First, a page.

He nearly broke into a run to catch her. It was worth it. The scent of book leather and lemons enveloped him, and his head went light. Books and clean woman. Had God ever divined a more perfect perfume? She was young. Perhaps younger than he was. Her pale skin was smooth, unlined, and unmarred, save for the tiny freckle just above her earlobe. He had the great urge to bite that little lobe.

She did not break her pace, but glanced at him sidelong as if to throw out a warning. He did not blame her; he was being unspeakably rude approaching this young lady without a proper introduction. Then again, they were the only ones on the platform, and he was not fool enough to let her out of his sight.

“Forgive me,” he said, a bit breathless, for really this woman was fast on her feet, “I realize this is rather forward and usually I would never—”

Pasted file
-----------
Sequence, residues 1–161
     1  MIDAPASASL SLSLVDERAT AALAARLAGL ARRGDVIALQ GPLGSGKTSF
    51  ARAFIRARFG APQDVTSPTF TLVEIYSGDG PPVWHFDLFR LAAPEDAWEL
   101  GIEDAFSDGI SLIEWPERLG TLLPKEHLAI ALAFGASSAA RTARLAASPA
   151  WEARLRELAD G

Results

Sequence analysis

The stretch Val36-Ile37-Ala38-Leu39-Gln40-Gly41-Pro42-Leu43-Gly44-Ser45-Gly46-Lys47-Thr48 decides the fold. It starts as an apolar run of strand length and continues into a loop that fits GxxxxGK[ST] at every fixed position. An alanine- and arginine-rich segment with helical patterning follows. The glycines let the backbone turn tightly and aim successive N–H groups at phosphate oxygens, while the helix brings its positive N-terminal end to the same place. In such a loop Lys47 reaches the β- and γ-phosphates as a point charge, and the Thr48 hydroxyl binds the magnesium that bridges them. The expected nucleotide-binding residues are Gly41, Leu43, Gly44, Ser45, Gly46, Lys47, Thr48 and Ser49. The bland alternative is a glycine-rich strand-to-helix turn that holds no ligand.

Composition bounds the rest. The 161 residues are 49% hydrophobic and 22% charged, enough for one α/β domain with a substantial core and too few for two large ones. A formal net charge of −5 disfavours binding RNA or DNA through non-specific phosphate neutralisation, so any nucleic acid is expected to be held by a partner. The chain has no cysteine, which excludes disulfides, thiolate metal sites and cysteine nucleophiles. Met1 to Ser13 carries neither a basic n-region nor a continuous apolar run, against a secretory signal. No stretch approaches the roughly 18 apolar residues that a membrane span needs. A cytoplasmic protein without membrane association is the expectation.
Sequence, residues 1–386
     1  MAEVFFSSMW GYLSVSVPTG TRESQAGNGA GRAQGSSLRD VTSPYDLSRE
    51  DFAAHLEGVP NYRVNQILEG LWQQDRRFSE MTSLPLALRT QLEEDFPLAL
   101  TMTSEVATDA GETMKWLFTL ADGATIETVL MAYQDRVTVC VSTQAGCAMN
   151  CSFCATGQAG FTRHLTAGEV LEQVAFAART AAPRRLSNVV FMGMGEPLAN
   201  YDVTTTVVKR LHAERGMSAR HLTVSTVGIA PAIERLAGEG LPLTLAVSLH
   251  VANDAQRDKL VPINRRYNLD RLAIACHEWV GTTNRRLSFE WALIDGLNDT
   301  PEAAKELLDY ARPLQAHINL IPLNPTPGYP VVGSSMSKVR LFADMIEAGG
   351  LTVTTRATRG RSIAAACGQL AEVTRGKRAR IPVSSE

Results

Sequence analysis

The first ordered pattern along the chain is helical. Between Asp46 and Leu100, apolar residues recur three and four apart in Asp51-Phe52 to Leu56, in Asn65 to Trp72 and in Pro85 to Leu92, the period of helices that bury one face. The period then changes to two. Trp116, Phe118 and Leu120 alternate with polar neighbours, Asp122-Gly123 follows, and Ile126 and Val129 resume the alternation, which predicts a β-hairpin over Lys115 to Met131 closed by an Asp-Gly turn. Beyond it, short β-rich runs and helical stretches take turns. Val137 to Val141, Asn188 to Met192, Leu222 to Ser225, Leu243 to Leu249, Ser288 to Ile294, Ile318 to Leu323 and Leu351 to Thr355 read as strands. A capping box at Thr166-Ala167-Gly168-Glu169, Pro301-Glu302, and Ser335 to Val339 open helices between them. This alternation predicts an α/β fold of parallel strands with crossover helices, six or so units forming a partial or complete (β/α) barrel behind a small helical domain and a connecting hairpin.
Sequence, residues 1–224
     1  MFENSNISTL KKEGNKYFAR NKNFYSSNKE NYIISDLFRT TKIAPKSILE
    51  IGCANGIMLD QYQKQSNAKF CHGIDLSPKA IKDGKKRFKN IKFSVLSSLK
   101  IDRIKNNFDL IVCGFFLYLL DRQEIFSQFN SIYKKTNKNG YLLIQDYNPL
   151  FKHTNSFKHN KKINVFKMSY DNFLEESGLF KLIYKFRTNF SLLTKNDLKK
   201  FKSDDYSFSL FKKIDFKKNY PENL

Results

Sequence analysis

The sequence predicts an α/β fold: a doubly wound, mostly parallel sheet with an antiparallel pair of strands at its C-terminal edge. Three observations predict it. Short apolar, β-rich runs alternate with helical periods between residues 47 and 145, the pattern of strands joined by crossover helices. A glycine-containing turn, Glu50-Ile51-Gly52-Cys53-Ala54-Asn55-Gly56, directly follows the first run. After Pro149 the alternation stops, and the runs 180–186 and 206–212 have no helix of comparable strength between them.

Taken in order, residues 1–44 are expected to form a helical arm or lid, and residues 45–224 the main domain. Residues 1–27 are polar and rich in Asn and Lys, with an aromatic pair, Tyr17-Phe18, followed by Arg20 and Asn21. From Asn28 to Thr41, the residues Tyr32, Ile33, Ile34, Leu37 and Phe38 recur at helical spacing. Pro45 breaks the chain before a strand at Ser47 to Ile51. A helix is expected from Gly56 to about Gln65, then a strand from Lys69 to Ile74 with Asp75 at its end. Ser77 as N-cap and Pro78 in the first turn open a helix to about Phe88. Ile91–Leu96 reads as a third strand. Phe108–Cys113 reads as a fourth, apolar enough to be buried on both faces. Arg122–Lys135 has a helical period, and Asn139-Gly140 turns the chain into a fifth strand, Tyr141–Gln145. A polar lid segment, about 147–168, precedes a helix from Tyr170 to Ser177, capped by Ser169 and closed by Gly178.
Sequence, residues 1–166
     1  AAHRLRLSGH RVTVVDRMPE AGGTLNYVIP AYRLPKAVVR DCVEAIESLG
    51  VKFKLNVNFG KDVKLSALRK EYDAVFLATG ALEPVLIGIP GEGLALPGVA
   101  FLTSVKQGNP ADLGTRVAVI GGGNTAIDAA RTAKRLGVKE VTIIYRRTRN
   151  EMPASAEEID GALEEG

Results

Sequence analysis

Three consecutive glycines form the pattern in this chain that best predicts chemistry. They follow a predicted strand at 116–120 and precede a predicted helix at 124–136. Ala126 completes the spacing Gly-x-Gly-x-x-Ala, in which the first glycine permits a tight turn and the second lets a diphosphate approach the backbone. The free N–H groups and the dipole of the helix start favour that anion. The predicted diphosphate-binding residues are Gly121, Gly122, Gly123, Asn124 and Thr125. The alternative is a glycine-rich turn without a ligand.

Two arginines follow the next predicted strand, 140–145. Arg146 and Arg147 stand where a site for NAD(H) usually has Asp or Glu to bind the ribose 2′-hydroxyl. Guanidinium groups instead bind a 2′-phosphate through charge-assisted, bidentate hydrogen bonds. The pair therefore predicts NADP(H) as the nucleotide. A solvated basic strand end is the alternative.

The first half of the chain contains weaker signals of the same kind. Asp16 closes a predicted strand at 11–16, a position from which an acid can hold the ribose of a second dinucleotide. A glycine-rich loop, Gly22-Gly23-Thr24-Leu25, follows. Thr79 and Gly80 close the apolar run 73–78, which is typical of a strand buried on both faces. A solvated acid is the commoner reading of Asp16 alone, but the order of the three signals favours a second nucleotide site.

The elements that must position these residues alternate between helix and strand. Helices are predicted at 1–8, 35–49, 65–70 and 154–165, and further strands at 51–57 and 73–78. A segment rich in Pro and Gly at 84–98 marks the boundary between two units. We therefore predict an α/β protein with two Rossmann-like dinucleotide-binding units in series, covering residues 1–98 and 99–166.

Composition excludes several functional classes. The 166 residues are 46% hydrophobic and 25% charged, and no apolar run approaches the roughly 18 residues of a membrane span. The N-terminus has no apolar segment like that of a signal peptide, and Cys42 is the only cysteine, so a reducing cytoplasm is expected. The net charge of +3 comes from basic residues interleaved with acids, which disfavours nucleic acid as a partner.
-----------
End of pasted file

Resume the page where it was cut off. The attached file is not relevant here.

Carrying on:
“Never what?” she cut in, her voice crisp and smooth as fresh linen sheets. “Never proposition young ladies who have the temerity to walk unescorted in public areas?”

Well, now that he thought of it, she really ought to have a guardian with her. She did not appear to be from great wealth, so he wouldn’t expect an abigail, but a sister or an aunt perhaps? Or a husband. A shudder went through him at the thought of her being married. He mentally shook himself, aware that he’d been staring at her, memorizing the sharp slope of her nose and the graceful curve of her jaw.

“I would never presume to proposition you, miss. Indeed, should any such scoundrel approach you, it would be my pleasure to set him to rights.” And now he sounded like a prig, and a hypocrite.

She smirked. “Then let me guess. You are a member of the Society for the Protection of Young Ladies and Innocents and want to make certain I realize the perils of walking alone.” Cool brown eyes glinted as she glanced at him, and Winston’s already tight gut started to ache. “Or perhaps you merely seek a contribution?”